Tag Archives: to be or not to be

Shakespeare’s Wisdom – Centuries On

I didn’t do Shakespeare at school. Previous generations of students sometimes had it as compulsory study. For me, it wasn’t an option in the science stream. I suspect, the influence of Shakespeare’s writing and plays has reduced over time, even elsewhere in the world. Many a tourist would go to see Shakespeare’s birthplace, a few people would go to see the odd Shakespeare play and students of Shakespeare would study it formally – that would appear to be the extent of Shakespeare’s influence in today’s world of text messaging and social media. Even as a kid, I found the language difficult to understand in the plays. I only read a few of the simplified versions of the stories.

Some of Shakespeare’s phrases are of course, famous and still in widespread use today in the English Language – “to be or not to be” and “a rose by any other name would smell as sweet” to name a couple.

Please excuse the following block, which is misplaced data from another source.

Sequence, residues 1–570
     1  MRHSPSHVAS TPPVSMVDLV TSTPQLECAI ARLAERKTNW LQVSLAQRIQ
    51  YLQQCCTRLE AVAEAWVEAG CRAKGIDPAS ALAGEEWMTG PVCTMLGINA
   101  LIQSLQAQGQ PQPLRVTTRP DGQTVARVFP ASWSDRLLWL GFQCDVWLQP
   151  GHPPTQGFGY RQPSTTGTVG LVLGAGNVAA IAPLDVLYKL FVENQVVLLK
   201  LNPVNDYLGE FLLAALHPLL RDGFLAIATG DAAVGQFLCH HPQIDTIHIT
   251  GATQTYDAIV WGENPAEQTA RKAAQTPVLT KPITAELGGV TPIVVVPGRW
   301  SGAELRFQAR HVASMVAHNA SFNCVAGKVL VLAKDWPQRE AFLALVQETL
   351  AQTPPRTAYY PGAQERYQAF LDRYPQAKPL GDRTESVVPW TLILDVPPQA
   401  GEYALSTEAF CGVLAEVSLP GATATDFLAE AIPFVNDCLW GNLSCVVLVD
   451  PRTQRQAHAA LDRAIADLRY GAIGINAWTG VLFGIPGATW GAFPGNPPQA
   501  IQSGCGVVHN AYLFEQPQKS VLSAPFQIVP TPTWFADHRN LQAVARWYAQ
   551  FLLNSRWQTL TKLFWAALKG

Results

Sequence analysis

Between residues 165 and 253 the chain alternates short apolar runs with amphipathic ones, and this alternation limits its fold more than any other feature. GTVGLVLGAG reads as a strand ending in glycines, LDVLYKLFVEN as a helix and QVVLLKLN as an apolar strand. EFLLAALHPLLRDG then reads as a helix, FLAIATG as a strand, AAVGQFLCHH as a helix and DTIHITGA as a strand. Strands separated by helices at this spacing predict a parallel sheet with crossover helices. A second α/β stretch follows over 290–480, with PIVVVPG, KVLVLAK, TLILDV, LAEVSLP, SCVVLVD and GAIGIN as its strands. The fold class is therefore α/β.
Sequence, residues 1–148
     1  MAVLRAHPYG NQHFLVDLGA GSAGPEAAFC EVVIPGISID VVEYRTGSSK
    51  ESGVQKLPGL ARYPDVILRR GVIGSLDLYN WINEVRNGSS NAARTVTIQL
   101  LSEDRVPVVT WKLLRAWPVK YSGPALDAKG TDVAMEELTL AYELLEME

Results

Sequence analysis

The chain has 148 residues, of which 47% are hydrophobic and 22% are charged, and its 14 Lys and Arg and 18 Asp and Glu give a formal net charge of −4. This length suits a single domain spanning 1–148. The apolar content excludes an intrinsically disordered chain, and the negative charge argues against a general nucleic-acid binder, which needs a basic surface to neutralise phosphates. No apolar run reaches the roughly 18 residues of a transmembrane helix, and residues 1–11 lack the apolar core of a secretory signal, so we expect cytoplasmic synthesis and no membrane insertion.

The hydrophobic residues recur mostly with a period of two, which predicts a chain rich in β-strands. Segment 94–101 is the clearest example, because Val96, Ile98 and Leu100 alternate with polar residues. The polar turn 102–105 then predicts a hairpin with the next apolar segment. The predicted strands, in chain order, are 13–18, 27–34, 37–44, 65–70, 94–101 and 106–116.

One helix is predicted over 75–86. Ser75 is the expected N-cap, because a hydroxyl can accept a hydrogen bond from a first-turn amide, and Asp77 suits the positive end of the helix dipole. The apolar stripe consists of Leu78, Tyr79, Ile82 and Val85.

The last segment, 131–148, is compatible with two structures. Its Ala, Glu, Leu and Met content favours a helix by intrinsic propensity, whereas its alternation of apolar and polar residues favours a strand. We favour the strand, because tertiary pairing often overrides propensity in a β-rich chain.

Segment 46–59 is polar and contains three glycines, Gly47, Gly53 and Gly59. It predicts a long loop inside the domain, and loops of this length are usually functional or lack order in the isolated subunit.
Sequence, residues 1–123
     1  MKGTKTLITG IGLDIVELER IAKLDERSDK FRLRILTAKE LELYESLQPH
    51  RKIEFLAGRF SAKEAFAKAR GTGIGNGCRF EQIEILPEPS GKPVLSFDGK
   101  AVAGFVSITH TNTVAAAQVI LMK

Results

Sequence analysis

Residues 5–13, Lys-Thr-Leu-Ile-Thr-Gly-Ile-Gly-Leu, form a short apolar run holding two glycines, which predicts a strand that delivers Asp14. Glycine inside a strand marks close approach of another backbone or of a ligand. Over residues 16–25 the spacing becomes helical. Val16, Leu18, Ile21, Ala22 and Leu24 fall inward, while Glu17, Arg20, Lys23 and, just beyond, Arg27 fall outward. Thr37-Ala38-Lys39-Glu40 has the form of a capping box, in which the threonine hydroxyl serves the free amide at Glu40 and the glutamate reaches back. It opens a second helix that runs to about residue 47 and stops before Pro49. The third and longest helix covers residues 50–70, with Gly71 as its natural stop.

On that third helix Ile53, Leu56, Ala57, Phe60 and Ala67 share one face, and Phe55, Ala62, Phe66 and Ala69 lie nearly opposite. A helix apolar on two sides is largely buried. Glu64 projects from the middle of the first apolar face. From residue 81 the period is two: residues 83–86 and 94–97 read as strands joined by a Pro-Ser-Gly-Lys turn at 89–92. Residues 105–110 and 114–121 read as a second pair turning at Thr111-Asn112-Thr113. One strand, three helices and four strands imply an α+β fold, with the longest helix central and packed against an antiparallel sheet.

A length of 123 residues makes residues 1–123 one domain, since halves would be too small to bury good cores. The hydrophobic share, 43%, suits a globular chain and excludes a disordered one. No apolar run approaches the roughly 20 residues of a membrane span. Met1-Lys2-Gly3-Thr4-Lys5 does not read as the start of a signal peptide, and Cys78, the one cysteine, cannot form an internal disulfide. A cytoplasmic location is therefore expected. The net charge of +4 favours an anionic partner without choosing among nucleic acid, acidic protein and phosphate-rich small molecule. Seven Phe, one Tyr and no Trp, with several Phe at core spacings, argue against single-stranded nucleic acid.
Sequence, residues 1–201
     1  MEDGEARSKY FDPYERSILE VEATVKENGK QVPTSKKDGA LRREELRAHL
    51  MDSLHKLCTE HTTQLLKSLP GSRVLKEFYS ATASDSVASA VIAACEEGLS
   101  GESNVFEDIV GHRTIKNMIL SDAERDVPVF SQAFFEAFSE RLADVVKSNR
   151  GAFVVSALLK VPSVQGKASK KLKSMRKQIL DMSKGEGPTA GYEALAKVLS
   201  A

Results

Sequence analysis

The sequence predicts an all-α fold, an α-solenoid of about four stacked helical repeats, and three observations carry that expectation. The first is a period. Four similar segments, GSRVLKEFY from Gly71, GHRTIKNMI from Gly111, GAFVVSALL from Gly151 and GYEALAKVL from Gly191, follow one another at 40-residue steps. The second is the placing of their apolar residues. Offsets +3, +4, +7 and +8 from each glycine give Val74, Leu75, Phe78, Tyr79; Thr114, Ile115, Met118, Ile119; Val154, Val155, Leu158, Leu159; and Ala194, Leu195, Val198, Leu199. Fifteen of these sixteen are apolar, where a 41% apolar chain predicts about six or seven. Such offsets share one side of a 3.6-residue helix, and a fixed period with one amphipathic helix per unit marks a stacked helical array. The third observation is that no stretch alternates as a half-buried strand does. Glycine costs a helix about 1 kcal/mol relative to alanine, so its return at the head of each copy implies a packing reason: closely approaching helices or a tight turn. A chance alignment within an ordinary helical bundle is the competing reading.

One particular verse that struck me as being full of meaning and wisdom even in today’s world is from McBeth.

The trudge of daily life, with us all often going on and on and on like hamsters on a wheel are captured beautifully in the lines:

“To-morrow, and to-morrow, and to-morrow,
Creeps in this petty pace from day to day,
To the last syllable of recorded time.”

The way humans often blunder through life during our short lives (in the relative span of the universe) only to die an inconsequential death is reflected in these famous lines:

“Life’s but a walking shadow, a poor player,
That struts and frets his hour upon the stage,
And then is heard no more.”

The melodrama we observe in the modern world (often amounting to nothing) is captured eloquently when Shakespear says (of life):

“It is a tale told by an idiot, full of sound and fury,
Signifying nothing.”

Perhaps there are many more gems in Shakespeare’s works that still hold true today and could serve as valuable thoughts to ponder on. This has led me to a new resolution – one day I shall dig up this treasure and read through the works of Shakespeare that I have missed.